education, Public Health, Voices Developments, Womens issues, Youth Development

Our Note on the COVID19 Situation El Salvador

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March 19, 2020

Dear Friend,

El Salvador, like many countries around the world, is reeling from the effects of COVID19. To clamp down on the spread of the virus, on March 15th, the government declared a state of emergency and approved a partial suspension of constitutional rights. What does that look like?

  • Foreigners are prohibited from entering the country by land, air or sea. All who enter illegally or legally are subject to a mandatory quarantine in a government run facility.
  • All educational activities are suspended, private and public.
  • Crowd sizes exceeding fifty people, such as concerts or sporting events are canceled.
  • All bars, cafes and discos are closed; restaurants can only offer delivery or take out.
  • Trade will continue normally. Commercial activities will remain unchanged, including imports and exports, under the proper sanitary control at customs.
  • People are told to shelter in place and only venture out if truly necessary.

On March 18th, El Salvador registered it’s first single confirmed case of the virus, from a Salvadoran returning from Italy, who defied the barrier the President put in place around the perimeter of the country. Because of citizen denouncements, he was picked up and tested positive for the virus and subsequently the entire municipality of Metapan, in the department of Santa Ana has been cordoned off for the next 48 hours in an effort to find his line of infection.

Impacts on the Salvadoran Society
The majority of the population has reacted with panic, no matter how many calls for calm are made. Supermarkets are crowded and supplies are beginning to become scarce, partly because there is hoarding and price inflations. For example in some places bottled water is selling for three times its normal price.

Bukele has said that the department of labor will do what it can to make sure employers and workers are economically supported during the quarantine, but every hour labor abuses are being called out via social media of workers being indiscriminately laid, off, mistreated or made to work when they aren’t supposed to.
The sectors most economically impacted by this national quarantine are the service industry, domestic workers, day laborers, street vendors, factory and sweatshop workers. Also affected are those Salvadoran families who already live in El Salvador’s precarious situation of water shortage. For young girls and women who face abuse at home, the situation of isolation becomes even more serious. It encourages victim control and greater submission of the victim.

Impacts on VOICES’ work
VOICES, like other NGOs, is having to adapt to these measures. For example, this situation forced us to cancel the annual South Bay Sanctuary Covenant delegation this March, as well as suspend the special delegation of teachers from Amando López to the United States in April.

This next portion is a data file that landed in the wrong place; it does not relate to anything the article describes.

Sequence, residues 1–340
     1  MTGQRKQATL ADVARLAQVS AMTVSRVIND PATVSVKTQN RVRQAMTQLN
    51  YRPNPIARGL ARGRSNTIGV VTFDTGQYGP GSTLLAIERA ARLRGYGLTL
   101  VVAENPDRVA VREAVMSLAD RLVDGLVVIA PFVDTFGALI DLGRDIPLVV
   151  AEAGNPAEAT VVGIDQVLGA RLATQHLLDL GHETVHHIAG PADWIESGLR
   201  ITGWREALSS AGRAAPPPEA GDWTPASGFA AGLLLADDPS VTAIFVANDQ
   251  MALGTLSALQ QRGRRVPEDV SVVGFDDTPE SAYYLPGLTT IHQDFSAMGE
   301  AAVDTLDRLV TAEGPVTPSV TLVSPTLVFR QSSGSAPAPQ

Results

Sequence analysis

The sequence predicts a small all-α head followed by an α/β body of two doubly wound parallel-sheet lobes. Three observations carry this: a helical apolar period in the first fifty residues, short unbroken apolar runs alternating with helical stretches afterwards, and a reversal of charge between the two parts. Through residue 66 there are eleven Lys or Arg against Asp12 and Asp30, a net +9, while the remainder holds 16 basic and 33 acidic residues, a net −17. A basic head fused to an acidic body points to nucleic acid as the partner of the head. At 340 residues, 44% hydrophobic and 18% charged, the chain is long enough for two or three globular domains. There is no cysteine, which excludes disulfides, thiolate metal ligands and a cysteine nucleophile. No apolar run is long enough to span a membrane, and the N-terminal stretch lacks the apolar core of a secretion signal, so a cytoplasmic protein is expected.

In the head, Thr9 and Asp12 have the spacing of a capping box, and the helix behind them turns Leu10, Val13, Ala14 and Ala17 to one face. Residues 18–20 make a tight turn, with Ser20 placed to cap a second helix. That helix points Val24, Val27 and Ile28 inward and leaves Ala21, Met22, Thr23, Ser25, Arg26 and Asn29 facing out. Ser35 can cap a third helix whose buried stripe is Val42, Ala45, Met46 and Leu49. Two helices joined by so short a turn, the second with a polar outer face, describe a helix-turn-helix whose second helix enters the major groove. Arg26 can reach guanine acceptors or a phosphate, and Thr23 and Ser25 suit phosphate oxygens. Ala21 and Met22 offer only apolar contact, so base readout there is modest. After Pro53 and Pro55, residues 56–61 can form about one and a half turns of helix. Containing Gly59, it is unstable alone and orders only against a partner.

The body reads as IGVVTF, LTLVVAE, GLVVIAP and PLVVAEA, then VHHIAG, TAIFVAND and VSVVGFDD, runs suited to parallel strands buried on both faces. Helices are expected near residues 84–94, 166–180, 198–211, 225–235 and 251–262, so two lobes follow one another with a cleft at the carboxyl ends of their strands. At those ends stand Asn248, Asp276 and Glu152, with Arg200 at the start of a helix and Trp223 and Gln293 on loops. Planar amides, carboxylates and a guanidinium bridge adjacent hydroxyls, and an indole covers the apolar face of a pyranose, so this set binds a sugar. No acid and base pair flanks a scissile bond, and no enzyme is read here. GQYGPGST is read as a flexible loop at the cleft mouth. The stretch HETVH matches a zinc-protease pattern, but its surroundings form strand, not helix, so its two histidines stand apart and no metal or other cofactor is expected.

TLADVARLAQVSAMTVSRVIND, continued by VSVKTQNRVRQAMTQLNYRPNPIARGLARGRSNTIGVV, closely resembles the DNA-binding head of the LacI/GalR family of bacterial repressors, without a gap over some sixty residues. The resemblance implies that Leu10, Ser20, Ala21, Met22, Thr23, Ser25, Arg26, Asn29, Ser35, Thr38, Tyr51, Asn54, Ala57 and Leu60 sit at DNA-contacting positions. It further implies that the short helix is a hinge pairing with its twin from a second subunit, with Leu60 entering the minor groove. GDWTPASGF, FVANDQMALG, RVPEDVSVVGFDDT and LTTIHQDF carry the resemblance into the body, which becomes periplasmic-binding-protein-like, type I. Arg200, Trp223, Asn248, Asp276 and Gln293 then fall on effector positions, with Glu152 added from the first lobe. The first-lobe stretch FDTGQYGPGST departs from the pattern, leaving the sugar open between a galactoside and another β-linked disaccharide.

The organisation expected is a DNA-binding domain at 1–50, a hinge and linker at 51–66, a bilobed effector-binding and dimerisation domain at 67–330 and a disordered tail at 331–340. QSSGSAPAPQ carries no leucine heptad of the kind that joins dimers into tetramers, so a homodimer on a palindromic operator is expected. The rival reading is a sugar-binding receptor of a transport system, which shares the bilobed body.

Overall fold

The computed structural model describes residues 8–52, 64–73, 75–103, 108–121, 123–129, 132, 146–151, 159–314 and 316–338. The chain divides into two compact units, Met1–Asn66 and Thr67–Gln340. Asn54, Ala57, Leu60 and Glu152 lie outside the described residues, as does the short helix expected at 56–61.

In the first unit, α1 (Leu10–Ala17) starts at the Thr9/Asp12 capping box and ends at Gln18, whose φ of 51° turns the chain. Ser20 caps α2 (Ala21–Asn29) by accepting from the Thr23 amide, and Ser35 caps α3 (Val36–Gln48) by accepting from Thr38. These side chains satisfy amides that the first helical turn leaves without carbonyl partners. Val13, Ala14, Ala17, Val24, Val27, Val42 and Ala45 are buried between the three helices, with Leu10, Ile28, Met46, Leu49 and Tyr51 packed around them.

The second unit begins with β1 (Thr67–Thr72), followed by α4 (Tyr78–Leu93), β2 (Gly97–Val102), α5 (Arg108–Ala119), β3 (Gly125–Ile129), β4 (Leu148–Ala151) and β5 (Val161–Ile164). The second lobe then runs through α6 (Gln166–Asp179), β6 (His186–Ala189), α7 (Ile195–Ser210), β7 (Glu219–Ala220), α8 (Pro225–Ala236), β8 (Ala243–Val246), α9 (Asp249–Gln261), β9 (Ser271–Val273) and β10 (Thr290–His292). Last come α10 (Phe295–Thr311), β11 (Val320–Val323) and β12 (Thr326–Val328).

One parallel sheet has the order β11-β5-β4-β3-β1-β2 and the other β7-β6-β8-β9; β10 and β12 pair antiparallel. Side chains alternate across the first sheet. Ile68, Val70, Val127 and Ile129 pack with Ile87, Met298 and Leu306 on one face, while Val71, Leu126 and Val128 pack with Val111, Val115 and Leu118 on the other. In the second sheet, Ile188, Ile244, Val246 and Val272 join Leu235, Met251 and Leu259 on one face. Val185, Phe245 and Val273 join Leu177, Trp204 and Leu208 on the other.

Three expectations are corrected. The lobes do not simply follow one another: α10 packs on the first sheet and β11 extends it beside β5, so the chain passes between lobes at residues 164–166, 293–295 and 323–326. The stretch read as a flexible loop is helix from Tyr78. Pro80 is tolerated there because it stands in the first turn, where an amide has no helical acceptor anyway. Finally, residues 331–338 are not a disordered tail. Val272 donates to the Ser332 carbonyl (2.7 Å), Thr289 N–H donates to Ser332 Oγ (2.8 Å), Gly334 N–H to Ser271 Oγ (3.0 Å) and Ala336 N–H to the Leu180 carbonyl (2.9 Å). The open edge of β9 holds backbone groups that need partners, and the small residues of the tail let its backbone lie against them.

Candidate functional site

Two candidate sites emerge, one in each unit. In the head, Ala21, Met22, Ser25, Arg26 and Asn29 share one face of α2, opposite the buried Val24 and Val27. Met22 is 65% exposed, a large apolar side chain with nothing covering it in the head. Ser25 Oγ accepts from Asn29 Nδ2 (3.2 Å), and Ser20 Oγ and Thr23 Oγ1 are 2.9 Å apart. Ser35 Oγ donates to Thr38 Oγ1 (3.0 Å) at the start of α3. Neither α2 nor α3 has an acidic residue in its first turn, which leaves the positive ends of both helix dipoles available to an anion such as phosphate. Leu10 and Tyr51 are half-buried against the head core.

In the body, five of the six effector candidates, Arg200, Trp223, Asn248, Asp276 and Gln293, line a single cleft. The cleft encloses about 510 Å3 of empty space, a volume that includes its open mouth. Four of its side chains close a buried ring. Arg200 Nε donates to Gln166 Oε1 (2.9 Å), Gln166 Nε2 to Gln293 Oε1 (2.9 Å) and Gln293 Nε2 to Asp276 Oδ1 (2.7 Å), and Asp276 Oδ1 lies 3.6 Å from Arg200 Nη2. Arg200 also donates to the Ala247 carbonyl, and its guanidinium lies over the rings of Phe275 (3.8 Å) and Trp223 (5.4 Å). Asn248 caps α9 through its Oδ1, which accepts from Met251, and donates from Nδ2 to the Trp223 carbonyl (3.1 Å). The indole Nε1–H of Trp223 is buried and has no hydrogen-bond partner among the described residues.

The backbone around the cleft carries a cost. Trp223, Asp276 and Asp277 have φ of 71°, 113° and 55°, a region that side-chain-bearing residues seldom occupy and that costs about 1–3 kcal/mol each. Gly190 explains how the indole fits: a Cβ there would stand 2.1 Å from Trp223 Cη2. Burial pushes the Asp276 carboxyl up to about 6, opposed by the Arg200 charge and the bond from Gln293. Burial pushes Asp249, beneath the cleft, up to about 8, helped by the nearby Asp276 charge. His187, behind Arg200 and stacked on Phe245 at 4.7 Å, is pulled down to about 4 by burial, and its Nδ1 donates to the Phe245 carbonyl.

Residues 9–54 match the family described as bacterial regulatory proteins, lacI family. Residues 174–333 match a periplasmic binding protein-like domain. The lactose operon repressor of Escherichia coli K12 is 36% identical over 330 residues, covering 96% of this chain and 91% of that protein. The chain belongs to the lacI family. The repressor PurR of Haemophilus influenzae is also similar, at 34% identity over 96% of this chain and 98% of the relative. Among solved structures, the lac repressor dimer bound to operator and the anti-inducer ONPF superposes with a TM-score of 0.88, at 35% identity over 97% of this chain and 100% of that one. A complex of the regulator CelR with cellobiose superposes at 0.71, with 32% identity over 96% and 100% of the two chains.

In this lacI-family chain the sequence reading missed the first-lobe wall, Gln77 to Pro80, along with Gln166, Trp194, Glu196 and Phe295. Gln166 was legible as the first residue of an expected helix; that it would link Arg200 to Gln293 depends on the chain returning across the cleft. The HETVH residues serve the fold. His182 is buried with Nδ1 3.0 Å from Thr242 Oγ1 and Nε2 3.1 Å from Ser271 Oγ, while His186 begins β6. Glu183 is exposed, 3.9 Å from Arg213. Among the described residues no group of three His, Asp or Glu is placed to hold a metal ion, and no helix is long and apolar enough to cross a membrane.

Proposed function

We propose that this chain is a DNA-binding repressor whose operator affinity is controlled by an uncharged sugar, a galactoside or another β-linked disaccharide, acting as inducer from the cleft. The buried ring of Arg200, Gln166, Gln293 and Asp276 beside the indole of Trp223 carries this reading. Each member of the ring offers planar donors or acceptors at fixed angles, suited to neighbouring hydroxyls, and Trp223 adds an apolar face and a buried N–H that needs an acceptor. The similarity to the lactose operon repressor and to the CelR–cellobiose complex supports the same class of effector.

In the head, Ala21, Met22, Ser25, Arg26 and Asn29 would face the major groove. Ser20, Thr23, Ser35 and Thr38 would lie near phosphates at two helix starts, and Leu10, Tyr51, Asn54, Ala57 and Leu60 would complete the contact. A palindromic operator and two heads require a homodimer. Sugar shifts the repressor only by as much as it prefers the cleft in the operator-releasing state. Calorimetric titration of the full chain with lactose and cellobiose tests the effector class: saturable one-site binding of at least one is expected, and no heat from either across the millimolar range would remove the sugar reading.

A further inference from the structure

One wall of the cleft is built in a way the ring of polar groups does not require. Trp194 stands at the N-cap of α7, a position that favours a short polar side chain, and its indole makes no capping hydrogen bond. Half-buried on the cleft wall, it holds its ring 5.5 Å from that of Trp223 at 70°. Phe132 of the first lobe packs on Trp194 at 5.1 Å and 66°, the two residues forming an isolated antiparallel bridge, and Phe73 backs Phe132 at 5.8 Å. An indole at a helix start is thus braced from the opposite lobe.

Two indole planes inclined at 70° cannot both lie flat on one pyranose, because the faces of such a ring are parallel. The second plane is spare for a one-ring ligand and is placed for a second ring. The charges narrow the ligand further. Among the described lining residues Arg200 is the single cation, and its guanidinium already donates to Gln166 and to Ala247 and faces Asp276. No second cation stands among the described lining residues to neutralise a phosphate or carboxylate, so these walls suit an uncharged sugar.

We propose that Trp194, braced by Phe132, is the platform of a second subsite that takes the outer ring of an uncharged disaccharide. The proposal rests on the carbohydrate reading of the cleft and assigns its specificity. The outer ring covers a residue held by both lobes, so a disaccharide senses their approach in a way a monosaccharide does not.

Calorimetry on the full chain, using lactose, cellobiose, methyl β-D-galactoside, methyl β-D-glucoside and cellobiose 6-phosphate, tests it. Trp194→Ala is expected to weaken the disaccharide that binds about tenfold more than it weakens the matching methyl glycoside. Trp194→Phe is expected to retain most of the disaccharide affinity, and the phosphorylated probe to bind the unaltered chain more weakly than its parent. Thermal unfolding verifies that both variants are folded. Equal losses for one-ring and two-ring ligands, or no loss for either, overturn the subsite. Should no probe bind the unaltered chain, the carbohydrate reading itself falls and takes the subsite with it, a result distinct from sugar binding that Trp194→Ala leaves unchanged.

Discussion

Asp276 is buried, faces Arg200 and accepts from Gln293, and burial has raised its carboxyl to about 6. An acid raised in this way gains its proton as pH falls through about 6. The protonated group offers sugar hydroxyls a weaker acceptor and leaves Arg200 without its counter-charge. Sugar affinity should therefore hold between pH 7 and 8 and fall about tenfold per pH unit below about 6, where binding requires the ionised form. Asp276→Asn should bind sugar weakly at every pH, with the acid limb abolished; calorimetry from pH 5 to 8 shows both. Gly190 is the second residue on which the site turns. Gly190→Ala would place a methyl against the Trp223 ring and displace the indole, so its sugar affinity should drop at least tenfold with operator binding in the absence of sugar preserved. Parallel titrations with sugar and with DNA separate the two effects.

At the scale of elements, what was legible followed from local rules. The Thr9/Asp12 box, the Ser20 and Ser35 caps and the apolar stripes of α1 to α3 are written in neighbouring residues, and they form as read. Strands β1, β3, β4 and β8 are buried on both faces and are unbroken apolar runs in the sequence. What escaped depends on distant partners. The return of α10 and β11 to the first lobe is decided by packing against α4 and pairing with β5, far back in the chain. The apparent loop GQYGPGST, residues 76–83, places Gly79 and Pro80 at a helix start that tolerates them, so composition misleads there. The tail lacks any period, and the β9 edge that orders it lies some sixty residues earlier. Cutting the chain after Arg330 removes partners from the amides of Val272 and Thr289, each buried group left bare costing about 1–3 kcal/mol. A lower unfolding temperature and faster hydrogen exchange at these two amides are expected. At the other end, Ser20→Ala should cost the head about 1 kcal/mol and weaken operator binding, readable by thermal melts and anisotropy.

Likewise, the SBSC fundraising event scheduled for April 26 in California, at which our director was to speak, was canceled.

Also with the suspension of classes the reproduction phase of the ECHO project workshops in Morazán is on hold; likewise, some community activities, workshops and meetings.

It’s safe to say that human rights don’t simply go away because of a national quarantine, and neither will VOICES’ commitment to accompanying our local partners as best as we can. As an organization, VOICES’ staff are adhering to the rules put in place by working from home.
This involves catching up on programming materials and fine tuning our evaluation frameworks, but we are also finding other ways to support our partners in the following ways:

Women’s Network of Morazán (9 municipalities served)
– Providing 15 canasta basicas for the Network’s most vulnerable members and their families.

Amando Lopez grade school (9 communities served)
– While some students may enjoy the meal provided by the school, other families may see it as a lifeline. The school’s staff compiled a list of 88 students who are most at risk from malnutrition and we will work with them to find the best way to help feed these kids during the quarantine.

Youth Development Association of Morazán (3 communities served)
– This inspiring youth group has had to cancel all of their programming including their special activities, community events, workshops and schools like their school of nutrition, which not only serves as a means to teach recipes, but also supports families’ ability to practice food sovereignty through the family farms component. We will work with AJUDEM to ensure that those most affected will have access to plants, seeds and compost to keep their farms growing.

El Salvador is a resilient country full of ingenuity and as long as we continue to practice true solidarity, we will all be able to come out of this pandemic with heads high and the prospect for a brighter more sustainable future.

Atentamente,
The VOICES Team